Last week, the Goldstein’s closed on their new town home in West Orange.  It was such a great decision they will be happy with for years to come. I took them to see quite a few area developments to compare and contrast the values within the same neighborhood and surrounding areas.  I followed up with an in-depth market analysis to determine a fair market value of each property after we previewed them. This is what they deserved, and I was happy to provide it.

first time homes buyers

Additionally, house hunting in the suburbs can be quite a challenge if you are coming from a city (which most buyers do) and don’t have a car. Renting one can get quite expensive since the average buyer searches for homes for 6 months prior to purchasing one. So I extended my services to include picking them up and dropping them back off at the nearest train stations each time we went out. Time together in the car meant I could better familiarize them with the various neighborhoods and we got to know each other better, shared some very funny stories and well–became friends.

I’m not sure if I’ve just been lucky or have some sort of winning personality (ha), but I connect incredibly well with first time buyers. I guess in part it is because I can empathize with their position. It’s not so long ago that I too was a first time home buyer. And I would have wanted to be treated the same. Good luck Ashley and Aaron.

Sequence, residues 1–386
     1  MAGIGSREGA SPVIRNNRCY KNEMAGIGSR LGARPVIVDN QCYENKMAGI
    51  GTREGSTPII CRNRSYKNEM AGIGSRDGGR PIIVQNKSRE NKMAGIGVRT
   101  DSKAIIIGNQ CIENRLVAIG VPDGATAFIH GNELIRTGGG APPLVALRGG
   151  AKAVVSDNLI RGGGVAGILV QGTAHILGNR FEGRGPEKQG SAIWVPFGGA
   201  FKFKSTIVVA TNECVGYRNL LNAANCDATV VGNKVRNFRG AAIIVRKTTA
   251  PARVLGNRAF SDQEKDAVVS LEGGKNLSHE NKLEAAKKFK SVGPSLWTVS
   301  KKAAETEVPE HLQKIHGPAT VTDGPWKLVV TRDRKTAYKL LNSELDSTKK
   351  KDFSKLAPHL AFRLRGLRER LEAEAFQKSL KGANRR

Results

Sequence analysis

Amy Harris Real Estate To Help Build Homes for Families in Need

Amy Harris Real Estate official member of Give Back homes

Amy Harris Real Estate will help build homes for families in need by becoming a member of  “Give Back Homes.” I am so excited to finally marry my business goals with my personal goals.

Similar to the program at Tom’s Shoes, every time I sell a home, I have committed to donate money towards the cost of building a new home for a family in need in either in the United States or Central America. The network is tied directly to Habitat for Humanity which has successfully built thousands of homes for people in need all over the world.

The way it works is that in order to donate, I pay a monthly fee  to become a member of the network. These monthly fees are used to defray the cost of running the network so that all donations go directly to the cost of building homes. Hopefully, home buyers and home sellers who are in the market to purchase or market their homes will consider using a member of the Give Back Homes network to generate more donations to build more homes. Currently, they have projects going up in Houston, San Diego, Salt Lake City, Phoenix, Nicaragua, Denver, New York City and Las Vegas.

A cool element of the network it that it allows the real estate professional to donate directly to the project in the city of their choice and shows how much has been donated and how much more is needed to begin the project. See example below.

Give Back Homes current projects

You can view the full list here

Once there are enough funds, I will actually have the opportunity to help build the home itself. I love the combination of both the monetary as well as the physical contribution to making these new homes a reality. I look forward to making the program an integral part of my business. You can learn more about Give Back Homes here.

amy harris real estatejoins Give Back Homes

Millburn Short Hills Housing Prices Surpass Peak Values in 2006